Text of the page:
April 22, 2021

By Cora Jackson-Fossett

Contributing Writer


Hot topics headlining current news mirror the priorities in the 2021-2022 budget proposed by L.A. Mayor Eric Garcetti.

Delivering the financial document to the City Council on April 20, the mayor indicated his top interests include addressing the homelessness crisis, investing in small businesses, upgrading opportunities for young people and improving the quality of life for many Angelenos by implementing a guaranteed basic income pilot program. 

Describing his proposal as a “Justice Budget,” Garcetti said, “It's a financial document, but also a roadmap to a city built on justice and equity.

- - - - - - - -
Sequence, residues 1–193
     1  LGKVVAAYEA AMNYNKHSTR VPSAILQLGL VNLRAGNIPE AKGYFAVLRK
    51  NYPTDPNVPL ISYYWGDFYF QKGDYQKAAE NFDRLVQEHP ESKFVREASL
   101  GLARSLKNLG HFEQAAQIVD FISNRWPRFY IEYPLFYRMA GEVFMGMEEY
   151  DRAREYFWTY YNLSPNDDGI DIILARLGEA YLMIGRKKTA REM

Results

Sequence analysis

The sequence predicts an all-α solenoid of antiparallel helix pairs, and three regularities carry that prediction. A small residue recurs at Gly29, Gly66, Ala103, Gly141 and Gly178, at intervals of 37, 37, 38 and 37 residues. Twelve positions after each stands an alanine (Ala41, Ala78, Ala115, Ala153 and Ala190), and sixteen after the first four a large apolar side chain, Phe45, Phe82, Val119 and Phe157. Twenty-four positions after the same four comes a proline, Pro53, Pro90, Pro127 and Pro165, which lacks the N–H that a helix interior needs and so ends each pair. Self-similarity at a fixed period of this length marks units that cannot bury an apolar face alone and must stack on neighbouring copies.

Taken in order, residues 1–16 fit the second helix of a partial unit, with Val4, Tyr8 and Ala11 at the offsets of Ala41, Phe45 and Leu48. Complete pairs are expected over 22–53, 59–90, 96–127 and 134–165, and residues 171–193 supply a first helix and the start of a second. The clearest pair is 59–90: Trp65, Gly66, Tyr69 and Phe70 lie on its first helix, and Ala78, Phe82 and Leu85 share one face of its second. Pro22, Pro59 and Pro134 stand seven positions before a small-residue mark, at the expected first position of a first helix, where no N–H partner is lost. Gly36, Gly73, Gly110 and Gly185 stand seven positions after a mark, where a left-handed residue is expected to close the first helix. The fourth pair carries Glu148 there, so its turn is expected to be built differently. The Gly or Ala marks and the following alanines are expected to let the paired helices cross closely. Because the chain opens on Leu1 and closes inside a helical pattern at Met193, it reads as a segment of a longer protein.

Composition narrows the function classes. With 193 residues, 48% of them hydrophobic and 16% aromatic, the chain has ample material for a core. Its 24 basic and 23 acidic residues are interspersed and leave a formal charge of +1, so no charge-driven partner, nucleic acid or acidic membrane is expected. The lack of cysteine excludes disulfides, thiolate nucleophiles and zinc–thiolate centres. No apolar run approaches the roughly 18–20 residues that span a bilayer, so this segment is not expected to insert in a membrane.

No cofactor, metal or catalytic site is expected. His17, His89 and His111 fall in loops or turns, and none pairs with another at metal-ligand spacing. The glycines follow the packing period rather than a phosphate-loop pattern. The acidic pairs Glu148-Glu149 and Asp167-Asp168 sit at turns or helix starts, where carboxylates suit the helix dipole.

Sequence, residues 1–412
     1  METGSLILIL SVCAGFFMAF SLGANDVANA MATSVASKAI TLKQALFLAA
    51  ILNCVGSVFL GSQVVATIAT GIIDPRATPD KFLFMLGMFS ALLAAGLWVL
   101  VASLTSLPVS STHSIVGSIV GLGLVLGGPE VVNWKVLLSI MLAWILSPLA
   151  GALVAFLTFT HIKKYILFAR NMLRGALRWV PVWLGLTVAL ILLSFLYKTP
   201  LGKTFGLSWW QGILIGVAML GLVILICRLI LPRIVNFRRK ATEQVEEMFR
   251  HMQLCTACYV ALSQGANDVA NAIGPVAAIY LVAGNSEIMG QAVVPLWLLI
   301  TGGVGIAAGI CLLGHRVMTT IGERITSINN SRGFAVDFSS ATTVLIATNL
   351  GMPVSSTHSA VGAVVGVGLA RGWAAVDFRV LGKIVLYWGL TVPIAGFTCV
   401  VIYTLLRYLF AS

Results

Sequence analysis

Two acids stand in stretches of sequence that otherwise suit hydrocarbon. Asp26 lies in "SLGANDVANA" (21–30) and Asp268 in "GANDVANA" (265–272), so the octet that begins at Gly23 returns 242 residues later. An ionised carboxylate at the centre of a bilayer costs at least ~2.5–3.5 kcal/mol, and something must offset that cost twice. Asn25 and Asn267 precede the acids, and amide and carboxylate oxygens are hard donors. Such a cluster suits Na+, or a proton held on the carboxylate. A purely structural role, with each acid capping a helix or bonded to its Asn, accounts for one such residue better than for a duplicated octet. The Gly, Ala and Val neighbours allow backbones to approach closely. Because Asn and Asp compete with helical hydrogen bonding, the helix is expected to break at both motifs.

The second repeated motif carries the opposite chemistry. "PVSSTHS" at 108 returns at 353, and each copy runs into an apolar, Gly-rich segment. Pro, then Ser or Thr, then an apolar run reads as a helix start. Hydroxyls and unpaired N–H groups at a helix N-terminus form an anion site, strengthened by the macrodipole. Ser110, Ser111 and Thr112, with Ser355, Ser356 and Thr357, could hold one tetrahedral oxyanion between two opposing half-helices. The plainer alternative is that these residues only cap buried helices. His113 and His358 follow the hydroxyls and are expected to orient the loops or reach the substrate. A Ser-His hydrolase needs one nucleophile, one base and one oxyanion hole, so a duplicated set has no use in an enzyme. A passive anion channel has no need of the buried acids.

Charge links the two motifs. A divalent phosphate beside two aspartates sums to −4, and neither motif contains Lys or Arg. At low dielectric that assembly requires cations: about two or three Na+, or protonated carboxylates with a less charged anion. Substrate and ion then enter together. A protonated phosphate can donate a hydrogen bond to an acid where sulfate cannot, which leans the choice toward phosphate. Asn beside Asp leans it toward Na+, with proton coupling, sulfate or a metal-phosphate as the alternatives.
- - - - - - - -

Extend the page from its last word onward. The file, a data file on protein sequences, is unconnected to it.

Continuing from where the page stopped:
It reflects our values. It restores what we love best about Los Angeles. 

“It reinvests in our health and our strength. And it reinvents what has held us back. It is the biggest city budget I’ve ever presented. It’s the most progressive, too — arguably of any big city anywhere.”

The projected allocations include nearly $1 billion towards ending homelessness, $25 million to aid small businesses with $5,000 “Comeback Checks,” and funding for a Youth Development Department along with $5 million to create an Angeleno Corps, which will pay 400 student workers. Also, the basic income pilot will dedicate $24 million to the program, Garcetti said.

“Los Angeles will launch the largest Guaranteed Basic Income pilot of any city in America. [The budget will] provide $1,000 a month to 2,000 households for an entire year, no questions asked, wherever poverty lives in our city,” insisted the mayor.